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Tequila Shots Meet Fine Dining at the Grand Wailea

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   April 23rd, 2011 · 1 Disqus Comment · Featured, Maui Food

By Erica Garza

Gone are the days when tequila was merely regarded as a get-drunk-fast fix, preferably chased with lime and salt, and urging you to slur your words and belt out bad karaoke tunes.

Not that tequila isn’t fun anymore.

As part of the Grand Wailea’s Toast! series, which celebrates grand food, spirits and fine wine, a tequila pairing dinner featuring Don Julio tequilas and resident chef Isaac Bancaco’s inventive cuisine lit up the hotel’s Humuhumunukunukuapua’a restaurant Friday night.

Up to 30 guests were seated at long communal tables in an open-air setting with four long-stemmed glasses for their tequilas placed before them. Just the sight of the glasses signaled to diners that tonight these fine spirits would be sipped and savored.

Tequilas were poured in long-stemmed glasses as opposed to shot glasses to encourage sipping and savoring. Photo by Erica Garza.

Big Eye Ahi "Toast!-ada," Burrata Cheese Zucchini Blossom, White Sesame Aioli & Pickled Baby Beets. Photo by Erica Garza.

Tequila Ambassador for Don Julio, Kevin Vanegas, was also in attendance, introducing each of the tequilas, which consisted of Blanco, Reposado, Anejo and Anejo 1942.

The first tequila, the Don Julio Blanco, came out with a sangrita chaser, typically served in Mexico alongside tequila blanco to highlight its crisp acidity. Served in a hollow cucumber, the red, peppery sangrita was citrusy yet full of spice and cleansed the palate smoothly between each sip of tequila.

The appetizer paired with the Blanco consisted of kombu cured Hamachi sashimi, Hawaiian lobster ceviche with lobster caught straight for Humu’s own pond, opal basil and kula tomato shaved ice emphasized with fiery notes of habanero and the smooth consistency of avocado.

The next tequila was the Don Julio Reposado, aged for eight months, a smooth and sweeter spirit with hints of vanilla. This was served with the first course, an ahi tostada alongside a burrata cheese-stuffed zucchini blossom topped with white sesame aioli and pickled baby beets, resulting in a toasty, textured flavor with traces of garlic and soy balsamic.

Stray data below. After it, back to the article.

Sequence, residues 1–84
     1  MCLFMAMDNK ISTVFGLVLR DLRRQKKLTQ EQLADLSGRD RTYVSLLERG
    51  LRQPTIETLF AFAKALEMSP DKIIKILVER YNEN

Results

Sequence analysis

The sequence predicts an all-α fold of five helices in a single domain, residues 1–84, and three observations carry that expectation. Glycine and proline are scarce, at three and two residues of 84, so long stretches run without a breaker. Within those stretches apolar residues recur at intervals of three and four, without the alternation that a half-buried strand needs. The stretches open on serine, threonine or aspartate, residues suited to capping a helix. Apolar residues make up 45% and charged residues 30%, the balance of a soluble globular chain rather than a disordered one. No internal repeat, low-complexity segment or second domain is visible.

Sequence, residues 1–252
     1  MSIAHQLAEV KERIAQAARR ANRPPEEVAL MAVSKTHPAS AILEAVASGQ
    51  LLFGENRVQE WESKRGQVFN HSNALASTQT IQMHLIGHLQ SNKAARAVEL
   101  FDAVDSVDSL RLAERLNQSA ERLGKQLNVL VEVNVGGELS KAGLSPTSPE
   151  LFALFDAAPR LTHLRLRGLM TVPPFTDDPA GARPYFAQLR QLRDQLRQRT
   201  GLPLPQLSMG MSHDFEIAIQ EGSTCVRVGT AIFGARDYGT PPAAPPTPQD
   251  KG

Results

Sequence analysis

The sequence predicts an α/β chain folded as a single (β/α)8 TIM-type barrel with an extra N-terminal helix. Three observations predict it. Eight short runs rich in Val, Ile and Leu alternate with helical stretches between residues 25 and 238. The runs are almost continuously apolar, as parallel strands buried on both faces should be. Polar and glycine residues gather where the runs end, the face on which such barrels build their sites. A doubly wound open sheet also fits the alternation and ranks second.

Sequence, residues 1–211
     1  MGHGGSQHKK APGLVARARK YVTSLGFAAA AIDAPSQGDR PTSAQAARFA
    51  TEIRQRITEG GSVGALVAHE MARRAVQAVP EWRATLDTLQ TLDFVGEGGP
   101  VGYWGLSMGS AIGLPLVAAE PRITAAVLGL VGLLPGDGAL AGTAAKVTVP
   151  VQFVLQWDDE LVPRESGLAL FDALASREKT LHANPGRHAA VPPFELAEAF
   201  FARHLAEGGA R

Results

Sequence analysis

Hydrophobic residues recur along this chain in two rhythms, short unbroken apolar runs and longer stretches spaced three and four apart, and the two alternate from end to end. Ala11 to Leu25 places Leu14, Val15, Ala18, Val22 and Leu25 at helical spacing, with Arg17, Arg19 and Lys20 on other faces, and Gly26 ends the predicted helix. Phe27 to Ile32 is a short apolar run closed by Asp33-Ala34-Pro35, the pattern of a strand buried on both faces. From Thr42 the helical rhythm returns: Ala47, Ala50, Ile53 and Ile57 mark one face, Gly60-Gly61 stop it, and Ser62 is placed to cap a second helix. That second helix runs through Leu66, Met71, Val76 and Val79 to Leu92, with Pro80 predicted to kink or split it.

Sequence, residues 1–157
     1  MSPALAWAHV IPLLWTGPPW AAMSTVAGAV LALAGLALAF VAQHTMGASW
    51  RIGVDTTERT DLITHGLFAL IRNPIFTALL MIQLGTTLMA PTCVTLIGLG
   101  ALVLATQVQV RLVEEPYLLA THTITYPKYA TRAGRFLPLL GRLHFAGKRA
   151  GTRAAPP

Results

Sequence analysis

To cleanse the palate for the next innovative creation by Bancaco, a martini glass came out bearing Don Julio Blue Agave-ginger ale and lychee sorbet, a refreshingly tart intermezzo.

Next up was the Anejo, a complex spirit aged 18 months that had contrasting notes of spicy vanilla and cinnamon together with strawberry and cherry fruitiness. This silky, full-bodied tequila was served with the main course, a carne asada, or beef cheek, topped with 5-spiced churros, crispy Kula brussel sprouts and Thai bird chile mole. The chocolate spiciness of the mole was the perfect companion to the sugary, fluffiness of the churro and the carne asada struck the perfect chord of tenderness and meaty flavor.

Pulehu Beef Cheek "Carne Asada," 5-Spiced Churros, Crispy Kula Brussel Sprouts & Thai Bird Chile Mole. Photo by Erica Garza.

The last tequila was the Anejo 1942, the crème de la crème of tequilas commemorating the anniversary of Don Julio and made from agave bred on the islands of Jalisco. Nutty and sweet, the Anejo 1942 coats the palate in roasted agave flavors and hints of tropical fruits.

Diners were then led out to private cabanas by the ocean’s front to enjoy passion lime pie with sea salted caramel sauce and assorted chocolate truffles and mini cookies under the starry Wailea sky. And each guest received a gift bag with Don Julio memorabilia to honor their newfound tequila admiration.

To learn more about the Toast! series at the Grand Wailea and upcoming dinners, please call 808-875-1234 x4900.

Maui Now covers the latest food news and events throughout the island and appreciates suggestions. Please send tips or feedback to erica@mauinow.com.

 

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